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This is a stupid question; I need this for something more complicated but let's make it simple:

$i = quotemeta 'A';
$line =~ tr/a-z/$i-Z/;

This is a silly substitution, this should turn small letters to capital ones, but what ever I tried doesn't work.

Ok so I see this brought lots of confusion, the real code should be:

$line =~ tr/A-Z/F-ZA-E/;

It should be a Caesers Chiper algorhytm. This works just fine if you want to change it by a fixed number of letters, but I need a variable so I could change it as many number of letters as I want to. But I want to ship eval Thnx

P.S. Also, why doesn't s/// work with ranges?

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up vote 4 down vote accepted

If you really need tr, you could use eval:

$i = quotemeta 'A'
eval("\$line =~ tr/a-z/$i-Z/;");
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Best test $@ after every eval, no? – tchrist May 3 '12 at 0:10
Yes, probably a good idea. – happydave May 3 '12 at 0:24

Note that with tr///, you can only use literal characters, not variables. So, tr/a-z/$i-Z/ does not work, you'd have to use tr/a-z/A-Z/. In perldoc perlop you can read more about tr/// and also find the explanation on interpolation or lack thereof.

To turn a string into upper case, though there are other ways. You can use the uc function, or the regex escape sequences \U (upper case) and \L (lower case). E.g.:

my $str = 'a';
my $uppercase = uc $str;


my $str = 'abcdef';
$str =~ s/([a-z]+)/\U$1/;  # $str is now 'ABCDEF'

tchrist points out that [a-z] should be written \p{CWU}, which will include all characters which are affected by case.


If you're trying to create some kind of dynamic encoding feature, I would suggest a subroutine that takes the arguments, and moves the characters around manually.

sub foo {
    my ($str, $num) = @_;  # num is how many characters to shift the alphabet
    my @in  = 'A' .. 'Z';
    my @out = @in[$num .. $#in, 0 .. $num-1];
    my %out = map { $in[$_] => $out[$_] } 0 .. $#in;
    $str =~ s#(.)# $out{$1} // $1 #eg;  # if key does not exist, use org
    return $str;

Note that it is case sensitive, but you can add keys for lower case to solve that.

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Moreover, you very much should use uc for uppercase, ucfirst for titlecase, lc for lowercase, or v5.16’s fc for foldcase. Never do it the nasty broken ASCII way. – tchrist May 3 '12 at 0:04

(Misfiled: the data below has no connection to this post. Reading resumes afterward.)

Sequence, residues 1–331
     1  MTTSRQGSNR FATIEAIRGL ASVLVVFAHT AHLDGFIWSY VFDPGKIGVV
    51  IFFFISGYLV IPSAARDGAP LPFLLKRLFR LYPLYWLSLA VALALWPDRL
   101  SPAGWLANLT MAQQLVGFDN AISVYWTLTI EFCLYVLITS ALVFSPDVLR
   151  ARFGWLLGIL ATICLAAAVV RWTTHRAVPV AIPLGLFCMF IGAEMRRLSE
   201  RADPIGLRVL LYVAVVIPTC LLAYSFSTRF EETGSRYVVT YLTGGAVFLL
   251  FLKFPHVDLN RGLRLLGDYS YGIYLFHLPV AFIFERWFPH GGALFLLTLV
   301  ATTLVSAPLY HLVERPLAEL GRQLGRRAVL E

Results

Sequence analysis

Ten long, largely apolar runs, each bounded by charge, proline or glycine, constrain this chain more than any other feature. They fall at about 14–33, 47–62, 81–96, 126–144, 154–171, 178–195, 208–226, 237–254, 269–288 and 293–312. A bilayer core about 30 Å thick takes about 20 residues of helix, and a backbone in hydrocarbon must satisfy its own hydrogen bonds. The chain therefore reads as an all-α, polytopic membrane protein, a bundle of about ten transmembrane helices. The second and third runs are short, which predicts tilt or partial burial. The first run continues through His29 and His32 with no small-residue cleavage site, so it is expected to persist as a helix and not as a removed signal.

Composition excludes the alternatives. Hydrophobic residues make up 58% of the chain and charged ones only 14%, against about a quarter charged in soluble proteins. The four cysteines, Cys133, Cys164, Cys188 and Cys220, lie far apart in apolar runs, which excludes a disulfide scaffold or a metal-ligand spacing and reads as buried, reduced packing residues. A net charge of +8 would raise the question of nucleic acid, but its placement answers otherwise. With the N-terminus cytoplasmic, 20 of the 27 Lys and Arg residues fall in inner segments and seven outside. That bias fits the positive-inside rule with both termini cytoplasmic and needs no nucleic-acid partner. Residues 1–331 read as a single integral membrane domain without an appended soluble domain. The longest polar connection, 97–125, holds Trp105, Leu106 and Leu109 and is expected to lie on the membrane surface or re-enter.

@tchrist And which way is that? Escape sequences? Why is that broken? – TLP May 3 '12 at 0:05
I meant that you don’t want tr/a-z/A-Z/ or even s/([a-z]+)/\U$1/g for the reasons I just mentioned. You should train yourself to use \p{lower} if you mean lowercase, and to use \p{CWU} if you mean things that change when uppercased. Also, note that there are \p{lower} that are not \p{CWU}, and there are \p{CWU} that are not \p{lower}. – tchrist May 3 '12 at 0:07
\p{CWU} is actually the shorthand for \p{Changed_When_Uppercased}. There’s also Changes_When_Titlecased (CWT), Changes_When_Lowercased (CWL), Changes_When_Casefolded (CWCF), Changes_When_NFKC_Casefolded (CWKCF), and Changes_When_Casemapped (CWCM). – tchrist May 3 '12 at 0:50
If you’re reading from UTF-8, add -CSD. I have PERL_UNICODE set to SA in my environment. I always forget other people do not. – tchrist May 3 '12 at 1:46

Your example is unfortunately not a good one; the tr operator doesn't accept any variable interpolation (in either half). If you are actually using tr, you are out of luck unless you resort to eval, which is not recommended. If you're not using tr, then please show us the actual code so we can see what's going on and offer more suggestions.


How about this?

my %map;
@map{'A'..'Z'} = ('F'..'Z','A'..'E');

Not sure if it's still true, but once upon a time $& was to be avoided at all costs due to a terrible performance penalty. You can do so easily enough:

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Stop. There is nothing unrecommended about using eval for this purpose. Sheesh. – tchrist May 3 '12 at 0:02
I've edited the question so it could be clearer – Zippie May 3 '12 at 0:20
@tchrist Except that it's overkill, perhaps. I would argue that its better to learn the proper techniques than relying on eval to hack things up. – TLP May 3 '12 at 0:22
@tchrist - well, ok, it's unrecommended by me. IMO, eval string is almost never the right answer. Too often it seems to be a lazy (in the lowercase, non-virtuous sense) shortcut, which opens up a whole new can of worms as far as the sort of exceptional conditions you have to watch out for. It also tends to perform poorly, though performance doesn't always matter. – Mark Reed May 3 '12 at 0:25

tr doesn't work with variables; use s/// (substitution) instead.

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How would you suggest such a substitution looks like for the range a-z? This is not an answer. – TLP May 3 '12 at 0:01
Yes, I can't get a range with s/// Are there any other functions that have ranges and that are not tr and s – Zippie May 3 '12 at 0:21
You can use a range. Like I showed in my answer. My point was that Kenosis did not specify how its done, with \U. – TLP May 3 '12 at 0:24
Your substitution only changes the first letter in the line – Zippie May 3 '12 at 0:34
@TLP Agreed. My response was not helpful. – Kenosis May 3 '12 at 3:50

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